Sometimes the most inspiring journeys that teens can embark on are the emotional ones that allow them to learn about the powerful bond of friendship, and that their differences are what make them special. Tyler DiChiara is making his feature film acting debut, and is part of a compelling young cast, in the new comedy-drama, ‘Relish,’ which emphasizes the importance of young adults learning to rely on others to help them deal with their personal demons.
Justin Ward wrote, directed and produced ‘Relish.’ In addition to DiChiara, the adventure movie also stars Hana Hayes, Mateus Ward, Rio Mangini and Chelsea Zhang.
‘Relish’ follows five teenage outcasts escape a private treatment facility in hopes of attending the infamous Dreamland Music Festival. Led by a rebellious transgender male, Kai (DiChiara), and with help from Aspen (Hayes), a social media influencer; Levi (Ward), a football player addicted to opioids; Theo (Mangini), who suffers from bipolar disorder; and Sawyer (Zhang), an alien obsessed nerd, the five embark on the journey of a lifetime.
The film also brings a level of authenticity to the heart-wrenching struggles and challenges faced by modern teens, especially by the transgender community. DiChiara just made history at the 40th Annual Young Artist Awards as the first transgender Best Actor Recipient of the Academy.
‘Relish’ will be in competition when it has its World Premiere at the Burbank International Film Festival. The premiere will be held tonight at 8pm PDT at the Burbank AMC 16 Theaters (125 E. Palm Ave, Burbank, CA 91502). In honor of the comedy-drama’s premiere, Ward and DiChiara generously took the time before the festival to talk about writing, directing and starring in the feature during an exclusive phone interview.
ShockYa (SY): Justin, you wrote the script for ‘Relish.’ What was the inspiration in penning the screenplay? How would you describe your overall writing process?
Justin Ward (JW): I first started working on the idea in the summer of 2017. I was playing with the idea of a couple of kids who break out of a treatment center, but I hadn’t flushed out the idea. Then Terry Nardozzi, who’s our producer, approached me after she screened my first film. She said that she wanted to work with me, and asked I had any ideas.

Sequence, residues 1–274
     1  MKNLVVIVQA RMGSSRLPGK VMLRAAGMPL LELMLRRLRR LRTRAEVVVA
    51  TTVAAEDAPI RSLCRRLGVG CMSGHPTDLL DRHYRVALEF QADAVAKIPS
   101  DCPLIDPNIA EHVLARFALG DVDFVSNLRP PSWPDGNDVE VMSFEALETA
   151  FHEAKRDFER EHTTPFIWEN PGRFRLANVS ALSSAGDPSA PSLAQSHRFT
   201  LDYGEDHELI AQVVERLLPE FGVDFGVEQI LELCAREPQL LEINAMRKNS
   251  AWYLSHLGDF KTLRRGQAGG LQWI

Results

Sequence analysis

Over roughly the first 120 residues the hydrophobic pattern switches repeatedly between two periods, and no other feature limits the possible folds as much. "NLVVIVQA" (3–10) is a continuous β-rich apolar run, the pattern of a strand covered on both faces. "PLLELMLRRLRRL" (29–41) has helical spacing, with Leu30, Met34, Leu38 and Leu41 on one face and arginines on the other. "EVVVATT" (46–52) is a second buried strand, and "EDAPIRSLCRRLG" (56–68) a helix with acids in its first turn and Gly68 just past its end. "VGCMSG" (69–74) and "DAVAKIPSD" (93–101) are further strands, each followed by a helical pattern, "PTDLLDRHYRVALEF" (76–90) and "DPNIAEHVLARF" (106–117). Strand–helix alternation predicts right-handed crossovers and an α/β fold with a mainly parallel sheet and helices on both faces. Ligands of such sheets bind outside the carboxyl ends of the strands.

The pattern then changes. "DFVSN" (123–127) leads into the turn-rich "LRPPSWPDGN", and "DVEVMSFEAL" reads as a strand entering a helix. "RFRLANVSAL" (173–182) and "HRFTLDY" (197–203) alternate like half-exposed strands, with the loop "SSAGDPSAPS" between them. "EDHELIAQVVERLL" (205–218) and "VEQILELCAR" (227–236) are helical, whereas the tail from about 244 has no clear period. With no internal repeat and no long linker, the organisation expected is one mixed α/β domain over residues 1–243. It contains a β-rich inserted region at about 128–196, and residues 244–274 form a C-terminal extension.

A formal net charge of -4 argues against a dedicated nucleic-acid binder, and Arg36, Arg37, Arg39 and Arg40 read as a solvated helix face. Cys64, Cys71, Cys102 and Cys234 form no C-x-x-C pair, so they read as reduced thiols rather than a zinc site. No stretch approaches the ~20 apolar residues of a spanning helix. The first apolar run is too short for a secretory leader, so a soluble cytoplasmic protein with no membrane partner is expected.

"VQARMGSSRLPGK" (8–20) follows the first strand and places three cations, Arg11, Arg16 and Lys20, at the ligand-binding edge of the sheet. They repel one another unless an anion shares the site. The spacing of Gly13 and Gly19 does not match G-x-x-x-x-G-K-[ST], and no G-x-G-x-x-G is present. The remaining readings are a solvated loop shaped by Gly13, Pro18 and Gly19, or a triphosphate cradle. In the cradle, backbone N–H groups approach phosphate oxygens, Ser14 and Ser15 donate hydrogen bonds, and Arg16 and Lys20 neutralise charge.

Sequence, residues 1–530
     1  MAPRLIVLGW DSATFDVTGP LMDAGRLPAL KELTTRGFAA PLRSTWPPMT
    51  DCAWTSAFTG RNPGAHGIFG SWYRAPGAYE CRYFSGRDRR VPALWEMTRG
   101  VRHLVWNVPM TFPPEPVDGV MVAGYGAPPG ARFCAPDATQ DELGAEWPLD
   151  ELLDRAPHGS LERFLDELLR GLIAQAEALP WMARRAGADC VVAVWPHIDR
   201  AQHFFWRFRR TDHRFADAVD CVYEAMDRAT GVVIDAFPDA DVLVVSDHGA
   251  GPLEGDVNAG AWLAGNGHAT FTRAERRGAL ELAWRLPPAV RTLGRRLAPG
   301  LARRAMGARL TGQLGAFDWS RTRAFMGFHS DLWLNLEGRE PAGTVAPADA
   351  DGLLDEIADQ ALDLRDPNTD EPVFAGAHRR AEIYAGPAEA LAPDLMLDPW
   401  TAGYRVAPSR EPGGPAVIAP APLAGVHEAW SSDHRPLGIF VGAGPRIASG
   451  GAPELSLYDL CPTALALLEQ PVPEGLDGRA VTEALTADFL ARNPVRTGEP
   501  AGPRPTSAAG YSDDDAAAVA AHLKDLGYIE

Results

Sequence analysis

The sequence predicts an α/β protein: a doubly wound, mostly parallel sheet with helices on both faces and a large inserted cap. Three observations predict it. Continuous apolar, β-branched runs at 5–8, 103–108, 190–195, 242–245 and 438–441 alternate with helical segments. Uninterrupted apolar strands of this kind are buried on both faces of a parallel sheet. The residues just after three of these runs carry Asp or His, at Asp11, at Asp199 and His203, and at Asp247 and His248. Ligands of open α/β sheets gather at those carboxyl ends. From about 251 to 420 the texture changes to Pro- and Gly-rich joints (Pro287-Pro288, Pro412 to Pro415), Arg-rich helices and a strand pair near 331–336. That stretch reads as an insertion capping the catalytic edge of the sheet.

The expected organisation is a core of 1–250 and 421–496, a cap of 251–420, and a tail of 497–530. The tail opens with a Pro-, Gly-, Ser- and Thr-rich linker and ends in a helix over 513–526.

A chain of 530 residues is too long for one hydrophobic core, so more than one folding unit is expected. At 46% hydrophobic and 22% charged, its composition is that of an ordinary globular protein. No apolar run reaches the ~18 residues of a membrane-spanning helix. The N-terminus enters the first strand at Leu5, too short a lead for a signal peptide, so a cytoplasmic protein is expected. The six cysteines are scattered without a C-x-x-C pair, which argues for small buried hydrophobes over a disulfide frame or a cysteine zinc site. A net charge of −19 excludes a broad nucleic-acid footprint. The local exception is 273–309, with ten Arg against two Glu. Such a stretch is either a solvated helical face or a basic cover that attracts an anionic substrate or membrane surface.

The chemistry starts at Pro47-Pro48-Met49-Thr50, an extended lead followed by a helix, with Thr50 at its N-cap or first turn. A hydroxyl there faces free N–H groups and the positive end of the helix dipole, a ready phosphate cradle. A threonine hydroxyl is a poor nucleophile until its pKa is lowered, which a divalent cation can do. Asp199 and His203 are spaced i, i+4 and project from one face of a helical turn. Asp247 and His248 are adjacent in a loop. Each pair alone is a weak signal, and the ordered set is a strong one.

I think it was the pressure of presenting an idea on the fly that pushed me to pitch the story of five teenagers breaking out of a treatment facility, and going on a wild road trip. That journey draws them closer, and they become friends, but they come from different walks of life.
So then I had the task of writing that script, without having flushed out anything. The two things that I focused on, and felt were the most important, were the themes of freedom, including having the freedom to be who you are, and that society places us in a box.
While I was working on those themes, Terry was adamant that were was an LGBTQ character in it. One of the characters in my original idea was a transgender female. When I started working on the idea of the five different characters, the idea of having a a transgender male then started to present itself. It then became clear that he would be the one who helped them break out. That really excited me, and the story grew from there.
SY: Speaking of the transgender character, Tyler, you made your feature film acting debut in ‘Relish,’ in which you play Kai, a trans male who’s spending time int he treatment facility. What was it about the character of Kai, as well as the overall script, that convinced you to take on the role?
Tyler DiChiara (TD): The whole industry was a silent dream for me; I never really spoke to anyone about wanting to be an actor. I then got a DM one day from a casting director, who said I had a look that they were looking for, and I was like, wait, what’s going on here?!? I never told anyone about my dream of acting.
So when I got the DM about ‘Relish,’ and asked if I wanted to read for it, and found out what the story would be portraying, I was skeptical, because this was the first time I would be acting in anything. But I realized that this was a big opportunity for me to get involved in the film industry.
It was also a great opportunity to portray a man who’s just like me, in as real and raw of a way as possible. So you get to see what I go through on a daily basis in certain scenes. So I’m so honored that Justin and everyone wanted to create something like that. The film industry really wants to help us to tell our stories…and I’m so happy to see those stories, and be a part of this community.
‘Relish’ is now part of that trans movement that needs to be out there, and I’m so honored to be a part of it…Justin really showed how we all just want to be free…The script was absolutely beautiful when I read it. I couldn’t be more grateful to be where I am today, because of Justin and this film.
SY: Justin, in addition to scribing the script, you also directed the feature. How did working on the screenplay influence the way you approached helming the movie?
JW: The one thing that Terry and I talked about while working on the script was jumping right into production. There wasn’t a lot of time; we shot for only nine days in January of 2018, and we had about three-four weeks of prep, which is insane. So everything happened very quickly.
As soon as the script was finished, we immediately went into casting. It was really interesting to cast the film. I knew that I wouldn’t have a lot of time with the actors, so I needed actors who could handle one or two takes. So we set out to find the actors, and we reached out to those we had in mind.